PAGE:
Step #7: If you can, pay a little extra. The lower rate does not last forever (as we will see in the next step), while you do have the 3% interest rate, take the opportunity to pay down a little extra on your principal. This will help you in the long run, especially when your rate jumps up again. Just be sure that the extra money you are paying is going towards a reduction in principal… this may be worth an extra phone call.

Step #8: Renew your application each year. The rate reduction program lasts only one year. At the conclusion of the year you can apply again provided your finances are the same.  I’m told this can be done for a maximum of 3 years.

Advantages of the rate reduction plan:

– It lowers your monthly payments to Sallie Mae!

– It lowers your interest rate with Sallie Mae!

– If your loan is delinquent and you make the payments for 6 months, your overdue balance will be set to zero and Sallie Mae will report that you are current to the credit bureaus.  This means your credit score will go up.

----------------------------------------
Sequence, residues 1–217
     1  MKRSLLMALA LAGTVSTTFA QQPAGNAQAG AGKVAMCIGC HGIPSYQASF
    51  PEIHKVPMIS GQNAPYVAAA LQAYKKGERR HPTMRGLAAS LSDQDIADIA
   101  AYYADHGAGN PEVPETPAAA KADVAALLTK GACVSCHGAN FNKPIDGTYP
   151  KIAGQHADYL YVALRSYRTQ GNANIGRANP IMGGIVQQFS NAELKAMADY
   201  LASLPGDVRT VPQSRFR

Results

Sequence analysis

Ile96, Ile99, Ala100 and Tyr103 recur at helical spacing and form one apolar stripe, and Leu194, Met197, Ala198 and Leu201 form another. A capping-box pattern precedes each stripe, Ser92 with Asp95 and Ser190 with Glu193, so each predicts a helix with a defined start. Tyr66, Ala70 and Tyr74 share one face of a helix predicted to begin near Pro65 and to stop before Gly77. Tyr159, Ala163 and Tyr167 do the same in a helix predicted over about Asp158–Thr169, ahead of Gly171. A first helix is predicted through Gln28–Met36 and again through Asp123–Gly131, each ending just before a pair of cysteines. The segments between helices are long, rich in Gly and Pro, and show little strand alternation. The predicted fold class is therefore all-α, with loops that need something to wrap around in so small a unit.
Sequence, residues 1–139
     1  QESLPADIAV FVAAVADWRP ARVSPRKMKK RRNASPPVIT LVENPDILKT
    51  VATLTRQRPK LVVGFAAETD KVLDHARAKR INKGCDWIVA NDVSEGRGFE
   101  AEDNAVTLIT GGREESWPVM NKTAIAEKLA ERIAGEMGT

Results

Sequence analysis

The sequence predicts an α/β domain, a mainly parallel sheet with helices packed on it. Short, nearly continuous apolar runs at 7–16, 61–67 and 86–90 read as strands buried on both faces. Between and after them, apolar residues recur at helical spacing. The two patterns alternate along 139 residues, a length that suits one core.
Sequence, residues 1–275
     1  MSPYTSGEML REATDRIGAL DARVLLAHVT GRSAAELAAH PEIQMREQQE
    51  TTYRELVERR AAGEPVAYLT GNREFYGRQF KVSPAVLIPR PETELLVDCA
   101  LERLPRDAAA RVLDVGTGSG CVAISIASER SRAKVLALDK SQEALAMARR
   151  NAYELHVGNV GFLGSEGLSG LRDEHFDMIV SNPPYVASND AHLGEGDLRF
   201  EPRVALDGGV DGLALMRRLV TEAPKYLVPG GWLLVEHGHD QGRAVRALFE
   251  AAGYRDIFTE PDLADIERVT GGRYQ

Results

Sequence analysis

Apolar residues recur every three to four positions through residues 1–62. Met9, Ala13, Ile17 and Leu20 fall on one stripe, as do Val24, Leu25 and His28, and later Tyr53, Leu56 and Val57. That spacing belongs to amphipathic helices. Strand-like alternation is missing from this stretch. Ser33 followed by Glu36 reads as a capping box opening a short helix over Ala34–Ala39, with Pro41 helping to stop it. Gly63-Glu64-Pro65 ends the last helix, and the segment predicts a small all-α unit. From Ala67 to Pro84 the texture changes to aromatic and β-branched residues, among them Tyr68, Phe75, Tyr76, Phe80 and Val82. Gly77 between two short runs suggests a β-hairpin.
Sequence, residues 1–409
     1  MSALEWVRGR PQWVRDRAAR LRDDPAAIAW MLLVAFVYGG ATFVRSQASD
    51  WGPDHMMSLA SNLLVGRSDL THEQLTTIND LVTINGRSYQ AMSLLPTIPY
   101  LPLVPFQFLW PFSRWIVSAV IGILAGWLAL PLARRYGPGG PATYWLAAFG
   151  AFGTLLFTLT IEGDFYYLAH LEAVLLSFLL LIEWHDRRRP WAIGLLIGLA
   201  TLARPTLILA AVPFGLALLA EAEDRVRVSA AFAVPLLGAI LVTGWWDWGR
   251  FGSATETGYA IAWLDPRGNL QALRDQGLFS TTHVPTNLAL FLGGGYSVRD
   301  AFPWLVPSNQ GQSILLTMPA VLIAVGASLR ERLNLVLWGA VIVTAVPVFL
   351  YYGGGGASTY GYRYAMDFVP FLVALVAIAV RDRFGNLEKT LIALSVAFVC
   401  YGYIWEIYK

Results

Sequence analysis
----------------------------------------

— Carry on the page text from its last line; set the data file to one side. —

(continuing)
Sherpa Tip #1: This is a temporary fix. It lowers your payment and interest rate for a short period of time. Take advantage of this, but know that it does not last forever.

Sherpa Tip #2: This is not a term to your original loan agreement. Therefore, Sallie Mae is under no obligation to put you on the rate reduction plan. Be nice when dealing with your lender. If you are a jerk or rude on the phone, they will be much less inclined to help.  Its tempting to yell and sometimes nearly impossible to be civil, but it is in your best interests.

Please share your experiences, both successes and failures, in the comments section as it can help future readers.


  • Excellent advice and thorough article. We worked very hard to save so our daughters will not have much (if any) student loan debt after undergrad. I worry about graduate school, though. She wants to study in Scotland. She’ll be a freshman this year, so we really can’t waste any time figuring that out. There are only 6 graduate programs in the US in her chosen field.